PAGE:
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JAL DC-8 crash Tokyo. Captain attempted suicide or intentional crash.
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Old 24th Jun 2008, 12:13
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So you're going back 40 years for examples? Maybe one a decade....which cockpit cameras will do zero to prevent? Scratching a bit, isn't it?
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Old 24th Jun 2008, 13:20
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pacflyer:

Sometime ago, Canada introduced "controlled rest on the flight deck" legislation, making legal what crews have been doing since long-haul commercial flying began. The procedures involved a third person on the flight deck, usually an F/A because one crew member (out of 3) is usually back for the break; It works well and lasts about 20 minutes which is all most need to refresh - through the extensive research one thing isn't recommended and that's anything longer than about an hour as REM sleep begins for some by then and deep-sleep is more difficult to recover from than a nap.

So far as cockpit video recording goes, I can't see it being introduced anytime soon. As mentioned, the quality is terrible especially at night, the screens cannot be read of course but the worst and most concerning aspect of such recordings is, the likes of CNN, Fox News or Sky will do their best to get hold of the recordings for their evening news titillation and entertainment - To be blunt, reality TV has already become prime-time viewing and broadcasting an accident from the cockpit would simply make producers and advertisers drool in anticipation of the audience numbers.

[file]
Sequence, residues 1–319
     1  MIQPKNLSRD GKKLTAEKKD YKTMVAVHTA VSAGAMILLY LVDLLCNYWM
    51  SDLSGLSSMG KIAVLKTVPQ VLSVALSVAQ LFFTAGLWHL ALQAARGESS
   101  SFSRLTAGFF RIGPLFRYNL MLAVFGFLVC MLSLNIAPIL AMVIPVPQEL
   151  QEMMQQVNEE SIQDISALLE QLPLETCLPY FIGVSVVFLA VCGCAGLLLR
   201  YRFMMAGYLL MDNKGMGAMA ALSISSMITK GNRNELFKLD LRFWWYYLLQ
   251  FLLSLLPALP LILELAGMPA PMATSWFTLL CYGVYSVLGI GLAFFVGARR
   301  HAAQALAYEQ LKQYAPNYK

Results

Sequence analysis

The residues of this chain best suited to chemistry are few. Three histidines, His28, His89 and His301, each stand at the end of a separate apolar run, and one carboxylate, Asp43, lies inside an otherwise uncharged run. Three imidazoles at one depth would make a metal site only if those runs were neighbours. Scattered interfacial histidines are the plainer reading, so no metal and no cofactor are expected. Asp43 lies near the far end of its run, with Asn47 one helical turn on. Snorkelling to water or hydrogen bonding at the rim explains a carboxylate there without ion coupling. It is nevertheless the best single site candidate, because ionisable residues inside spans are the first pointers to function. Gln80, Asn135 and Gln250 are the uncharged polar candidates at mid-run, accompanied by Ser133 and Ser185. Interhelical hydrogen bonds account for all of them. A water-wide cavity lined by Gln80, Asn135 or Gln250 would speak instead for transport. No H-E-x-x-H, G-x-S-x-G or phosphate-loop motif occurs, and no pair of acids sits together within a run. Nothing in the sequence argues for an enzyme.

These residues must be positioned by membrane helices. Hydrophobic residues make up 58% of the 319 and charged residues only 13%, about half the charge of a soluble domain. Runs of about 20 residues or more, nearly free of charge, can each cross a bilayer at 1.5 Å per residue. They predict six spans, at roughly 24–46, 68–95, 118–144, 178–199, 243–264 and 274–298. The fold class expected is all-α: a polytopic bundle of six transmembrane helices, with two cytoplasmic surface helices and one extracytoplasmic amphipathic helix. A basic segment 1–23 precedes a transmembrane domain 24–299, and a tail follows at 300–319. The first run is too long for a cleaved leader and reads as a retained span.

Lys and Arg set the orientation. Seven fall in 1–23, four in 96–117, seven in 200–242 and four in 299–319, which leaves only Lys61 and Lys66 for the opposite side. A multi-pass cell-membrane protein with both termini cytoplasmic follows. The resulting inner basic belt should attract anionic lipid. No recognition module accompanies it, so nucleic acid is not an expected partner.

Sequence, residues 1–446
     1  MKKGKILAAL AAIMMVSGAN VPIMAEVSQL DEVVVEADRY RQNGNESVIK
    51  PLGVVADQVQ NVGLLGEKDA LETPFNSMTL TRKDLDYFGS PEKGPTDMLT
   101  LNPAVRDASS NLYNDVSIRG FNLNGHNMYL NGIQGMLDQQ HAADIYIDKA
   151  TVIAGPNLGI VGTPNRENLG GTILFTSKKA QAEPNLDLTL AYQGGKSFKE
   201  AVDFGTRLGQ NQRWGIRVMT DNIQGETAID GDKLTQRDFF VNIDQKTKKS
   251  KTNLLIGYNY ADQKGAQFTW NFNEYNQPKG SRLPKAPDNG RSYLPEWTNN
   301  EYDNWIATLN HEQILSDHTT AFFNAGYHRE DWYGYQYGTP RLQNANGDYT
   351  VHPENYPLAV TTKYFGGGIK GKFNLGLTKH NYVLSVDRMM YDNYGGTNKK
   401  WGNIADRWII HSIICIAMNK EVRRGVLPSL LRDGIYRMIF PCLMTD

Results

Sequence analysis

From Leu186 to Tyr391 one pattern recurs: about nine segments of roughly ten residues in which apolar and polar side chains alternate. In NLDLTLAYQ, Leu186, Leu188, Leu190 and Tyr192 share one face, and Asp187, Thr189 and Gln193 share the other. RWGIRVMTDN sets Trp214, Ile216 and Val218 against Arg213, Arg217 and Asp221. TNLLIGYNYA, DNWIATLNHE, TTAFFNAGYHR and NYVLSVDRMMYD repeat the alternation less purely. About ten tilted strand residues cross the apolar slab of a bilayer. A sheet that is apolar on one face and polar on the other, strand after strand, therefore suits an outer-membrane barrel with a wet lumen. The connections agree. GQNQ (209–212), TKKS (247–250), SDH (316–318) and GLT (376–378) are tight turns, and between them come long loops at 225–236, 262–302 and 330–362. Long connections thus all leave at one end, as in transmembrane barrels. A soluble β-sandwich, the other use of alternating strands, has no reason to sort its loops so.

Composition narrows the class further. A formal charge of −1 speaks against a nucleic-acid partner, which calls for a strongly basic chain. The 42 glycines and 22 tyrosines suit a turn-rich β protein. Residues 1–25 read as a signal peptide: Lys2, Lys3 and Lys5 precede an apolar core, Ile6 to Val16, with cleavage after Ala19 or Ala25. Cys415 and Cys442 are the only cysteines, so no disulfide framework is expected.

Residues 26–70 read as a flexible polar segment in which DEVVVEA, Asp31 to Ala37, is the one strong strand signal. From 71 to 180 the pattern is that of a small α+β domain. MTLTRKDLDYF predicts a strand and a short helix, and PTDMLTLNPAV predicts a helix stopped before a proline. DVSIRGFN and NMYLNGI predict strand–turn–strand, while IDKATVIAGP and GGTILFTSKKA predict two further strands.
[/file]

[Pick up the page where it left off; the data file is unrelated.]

We in Canada have long made it illegal to access the CVR information by other than trained investigors of the TSB; even that has been breached by the courts in a recent case. We have attempted to make access to the DFDR and FOQA QARs also illegal but so far have been unsuccessful. Pilots have every right to such privacy with the obvious exception of investigations of incidents and accidents but that's it. There isn't any way, ever, that flight crews trust or ever would trust the media, the lawyers and the politicians with such information. Although the utility of such recordings is obvious in terms of accident investigaton, (and like some here, I have had my sim sessions recorded for immediate review afterwords, and frankly the tool is an excellent learning one), neither the number of suspected cases nor the high risk of inappropriate use can justify the installation.
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Old 24th Jun 2008, 14:10
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I've found them useless, with very little information other than what the CVR gives you. All you see are heads moving and arms reaching out. I think I would take great delight in putting a dab of vaseline on the lens. They are intrusive. The trust has already been breached with playing CVR tapes for public titillation. They are not having me on image as well....period.
The promise was these investigative tools were for accident investigation by accident investigators ONLY. They let us down with CVRs. They simply are not going to have the chance with video.